The country's preparations since qualification have been less encouraging, however, given that Iceland have not been able to find themselves a victory in a range of six varying friendlies - some FIFA-sanctioned, some not - since booking a place on the plane.
This year Iceland have lost to Mexico, Peru and Norway and blew a two-goal lead against Ghana in Reykjavik to draw 2-2 against James Kwesi Appiah's men.
Hallgrimsson now finds himself in sole control following the departure of Lagerback, and the coach will likely be relying on the experiences of both Aron Gunnarsson and Gylfi Sigurdsson when competing in a group that could provide Strakarnir okkar with an outside chance of reaching the knockouts.
It has taken Iceland 13 attempts to qualify for the World Cup and the group-stage draw has been fairly kind to Hallgrimsson's men. Securing a positive point against an underperforming Argentina would setup Iceland intriguingly for more winnable battles against Croatia and Nigeria.
Recent form (all competitions): WWLLLD
Sampaoli should opt for a 4-2-3-1 that sees both Javier Mascherano and Lucas Biglia sitting as central pivots in midfield, allowing full-backs Eduardo Salvio and Nicolas Tagliafico to get forward when required.
Given Manchester United stopper Sergio Romero's absence from the tournament, Chelsea goalkeeper Willy Caballero should start in goal, leaving Nicolas Otamendi and Marcos Rojo as the centre-backs in front of him.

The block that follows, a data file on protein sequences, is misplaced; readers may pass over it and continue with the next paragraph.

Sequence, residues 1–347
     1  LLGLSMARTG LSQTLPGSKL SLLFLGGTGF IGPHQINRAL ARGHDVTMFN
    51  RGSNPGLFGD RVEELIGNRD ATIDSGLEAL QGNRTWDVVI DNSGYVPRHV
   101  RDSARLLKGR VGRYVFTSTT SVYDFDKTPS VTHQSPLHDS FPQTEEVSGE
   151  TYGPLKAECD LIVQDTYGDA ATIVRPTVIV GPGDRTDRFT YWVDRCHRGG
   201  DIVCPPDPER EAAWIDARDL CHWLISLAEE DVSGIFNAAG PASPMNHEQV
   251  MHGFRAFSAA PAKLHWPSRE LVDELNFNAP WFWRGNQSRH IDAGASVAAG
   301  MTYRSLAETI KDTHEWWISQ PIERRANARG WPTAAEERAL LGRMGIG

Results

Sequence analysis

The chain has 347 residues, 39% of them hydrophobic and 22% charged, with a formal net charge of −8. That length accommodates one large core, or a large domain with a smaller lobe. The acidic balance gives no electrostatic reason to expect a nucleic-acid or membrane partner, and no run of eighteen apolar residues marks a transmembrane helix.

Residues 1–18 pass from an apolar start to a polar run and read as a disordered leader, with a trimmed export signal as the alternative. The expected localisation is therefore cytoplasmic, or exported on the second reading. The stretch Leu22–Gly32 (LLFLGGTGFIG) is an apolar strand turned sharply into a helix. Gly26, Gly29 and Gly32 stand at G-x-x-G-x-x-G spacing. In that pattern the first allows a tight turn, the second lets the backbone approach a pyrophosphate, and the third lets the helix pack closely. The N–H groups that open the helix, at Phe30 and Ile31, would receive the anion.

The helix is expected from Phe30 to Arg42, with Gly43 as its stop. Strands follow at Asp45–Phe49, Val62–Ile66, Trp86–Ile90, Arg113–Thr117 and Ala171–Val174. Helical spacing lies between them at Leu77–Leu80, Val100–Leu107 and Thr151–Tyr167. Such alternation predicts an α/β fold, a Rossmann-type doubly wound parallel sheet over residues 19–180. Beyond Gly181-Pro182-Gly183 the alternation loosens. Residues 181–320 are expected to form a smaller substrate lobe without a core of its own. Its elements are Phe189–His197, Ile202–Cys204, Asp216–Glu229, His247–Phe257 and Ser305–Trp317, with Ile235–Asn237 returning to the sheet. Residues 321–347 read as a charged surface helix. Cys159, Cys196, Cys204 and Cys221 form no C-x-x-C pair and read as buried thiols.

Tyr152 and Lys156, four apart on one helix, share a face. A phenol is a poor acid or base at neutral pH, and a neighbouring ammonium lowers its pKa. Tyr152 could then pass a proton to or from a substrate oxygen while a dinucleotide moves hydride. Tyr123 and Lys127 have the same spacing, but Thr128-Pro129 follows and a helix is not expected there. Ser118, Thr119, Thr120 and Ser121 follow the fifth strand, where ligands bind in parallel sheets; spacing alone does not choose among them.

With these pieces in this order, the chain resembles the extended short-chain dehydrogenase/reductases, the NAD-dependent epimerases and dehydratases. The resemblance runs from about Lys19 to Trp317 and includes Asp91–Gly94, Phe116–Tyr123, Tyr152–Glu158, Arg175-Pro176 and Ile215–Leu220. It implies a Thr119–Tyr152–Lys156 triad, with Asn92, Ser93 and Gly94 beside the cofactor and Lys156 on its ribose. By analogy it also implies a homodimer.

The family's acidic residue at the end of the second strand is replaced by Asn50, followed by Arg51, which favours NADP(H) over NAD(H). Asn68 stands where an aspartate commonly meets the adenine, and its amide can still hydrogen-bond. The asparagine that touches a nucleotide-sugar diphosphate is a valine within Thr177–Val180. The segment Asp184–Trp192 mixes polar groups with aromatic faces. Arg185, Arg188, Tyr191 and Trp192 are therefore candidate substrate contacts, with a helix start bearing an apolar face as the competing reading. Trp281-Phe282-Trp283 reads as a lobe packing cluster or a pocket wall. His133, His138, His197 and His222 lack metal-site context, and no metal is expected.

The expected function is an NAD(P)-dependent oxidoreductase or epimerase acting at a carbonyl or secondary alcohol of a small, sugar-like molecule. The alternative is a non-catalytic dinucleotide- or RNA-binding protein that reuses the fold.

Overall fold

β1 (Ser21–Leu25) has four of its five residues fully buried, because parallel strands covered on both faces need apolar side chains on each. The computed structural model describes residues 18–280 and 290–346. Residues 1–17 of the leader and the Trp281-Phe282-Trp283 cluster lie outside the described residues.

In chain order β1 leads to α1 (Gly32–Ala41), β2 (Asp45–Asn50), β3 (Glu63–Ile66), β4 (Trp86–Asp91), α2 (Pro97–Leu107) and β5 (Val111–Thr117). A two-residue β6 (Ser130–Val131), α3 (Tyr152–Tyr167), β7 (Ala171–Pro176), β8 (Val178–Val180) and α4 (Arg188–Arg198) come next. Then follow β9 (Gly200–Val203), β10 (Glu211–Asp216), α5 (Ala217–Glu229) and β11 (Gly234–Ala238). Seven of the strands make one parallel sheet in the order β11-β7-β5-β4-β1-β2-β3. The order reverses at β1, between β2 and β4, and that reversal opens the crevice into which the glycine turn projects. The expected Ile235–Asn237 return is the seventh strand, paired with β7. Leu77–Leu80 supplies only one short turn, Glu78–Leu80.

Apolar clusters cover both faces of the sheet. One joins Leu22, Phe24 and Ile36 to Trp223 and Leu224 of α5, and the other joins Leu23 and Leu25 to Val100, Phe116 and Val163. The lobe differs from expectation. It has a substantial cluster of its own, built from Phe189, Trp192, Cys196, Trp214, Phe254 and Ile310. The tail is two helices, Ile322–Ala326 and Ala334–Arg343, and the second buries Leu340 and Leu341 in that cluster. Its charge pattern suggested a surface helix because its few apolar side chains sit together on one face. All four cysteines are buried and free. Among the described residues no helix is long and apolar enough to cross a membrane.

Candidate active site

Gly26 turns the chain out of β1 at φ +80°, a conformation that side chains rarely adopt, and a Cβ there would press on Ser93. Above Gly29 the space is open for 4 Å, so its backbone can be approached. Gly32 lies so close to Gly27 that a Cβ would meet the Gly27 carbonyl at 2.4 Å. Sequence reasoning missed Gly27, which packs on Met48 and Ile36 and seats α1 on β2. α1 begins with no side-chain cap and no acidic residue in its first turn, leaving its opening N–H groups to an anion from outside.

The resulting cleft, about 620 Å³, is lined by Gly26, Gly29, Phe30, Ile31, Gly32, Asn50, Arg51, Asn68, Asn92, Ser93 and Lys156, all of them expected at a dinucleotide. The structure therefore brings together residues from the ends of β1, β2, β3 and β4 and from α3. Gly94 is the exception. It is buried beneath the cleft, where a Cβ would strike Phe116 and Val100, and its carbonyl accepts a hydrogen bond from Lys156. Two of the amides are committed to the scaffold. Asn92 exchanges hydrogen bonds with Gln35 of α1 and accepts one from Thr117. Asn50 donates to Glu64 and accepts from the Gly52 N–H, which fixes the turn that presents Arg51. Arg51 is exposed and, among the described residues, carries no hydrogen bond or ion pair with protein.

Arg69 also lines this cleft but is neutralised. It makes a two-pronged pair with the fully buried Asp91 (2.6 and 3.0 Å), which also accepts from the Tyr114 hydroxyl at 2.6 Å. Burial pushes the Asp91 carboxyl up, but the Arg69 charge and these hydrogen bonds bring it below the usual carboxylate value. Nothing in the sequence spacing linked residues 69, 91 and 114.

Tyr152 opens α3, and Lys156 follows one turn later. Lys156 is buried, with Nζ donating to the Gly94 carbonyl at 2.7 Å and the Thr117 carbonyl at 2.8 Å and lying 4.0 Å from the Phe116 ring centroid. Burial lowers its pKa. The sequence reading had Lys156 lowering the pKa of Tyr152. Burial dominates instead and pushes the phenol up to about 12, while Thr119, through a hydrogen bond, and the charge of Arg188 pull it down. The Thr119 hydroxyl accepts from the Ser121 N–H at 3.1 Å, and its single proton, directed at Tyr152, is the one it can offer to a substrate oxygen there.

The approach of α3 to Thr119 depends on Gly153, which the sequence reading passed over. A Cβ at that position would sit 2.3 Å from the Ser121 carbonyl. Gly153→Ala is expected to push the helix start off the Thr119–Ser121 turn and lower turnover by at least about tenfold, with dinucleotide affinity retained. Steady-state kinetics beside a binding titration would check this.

For the debutants, Hallgrimsson may decide upon a slightly more compact 4-4-1-1 formation that allows Sigurdsson a free creative role just behind striker Alfred Finnbogason.
Iceland's four in midfield should see Burnley's Johann Berg Gudmundsson out on the right and Aston Villa's Birkir Bjarnason on the left, allowing Emil Hallfredsson and Gunnarsson to occupy the middle.
Argentina possible starting lineup:
Caballero; Salvio, Otamendi, Rojo, Tagliafico; Biglia, Mascherano; Meza, Messi, Di Maria; Aguero
Iceland possible starting lineup:
Halldorsson; Saevarsson, Ingason, Sigurdsson, Magnusson; Gudmundsson, Gunnarsson, Hallfredsson, Bjarnason; Sigurdsson; Finnbogason
Head To Head
The Group D clash represents the first meeting between the two nations at international level.
Argentina have won the Jules Rimet on two occasions, once on home soil in 1978, before winning the tournament again thanks to some standout showings from Diego Maradona in 1986, much to the chagrin of many England fans.
We say: Argentina 2-1 Iceland
La Albiceleste travel to the Otkritie Arena with plenty to prove after a testing qualification phase. Group D does not represent the most straightforward of tasks either as both Croatia and Nigeria will fancy themselves to provide stern tests alongside Iceland.
The likes of Aguero, Di Maria and Paulo Dybala will all be keen to demonstrate that this Argentina side is not a one-man team and that the country does have a future beyond Messi when he finally decides to hang up his international boots.
Iceland enter the World Cup for the first time and will feel that the tournament is there to be enjoyed, much like their showings at Euro 2016 demonstrated. Should they be able to take something away from Moscow, Hallgrimsson's men might just believe that a second-place finish is not completely beyond them.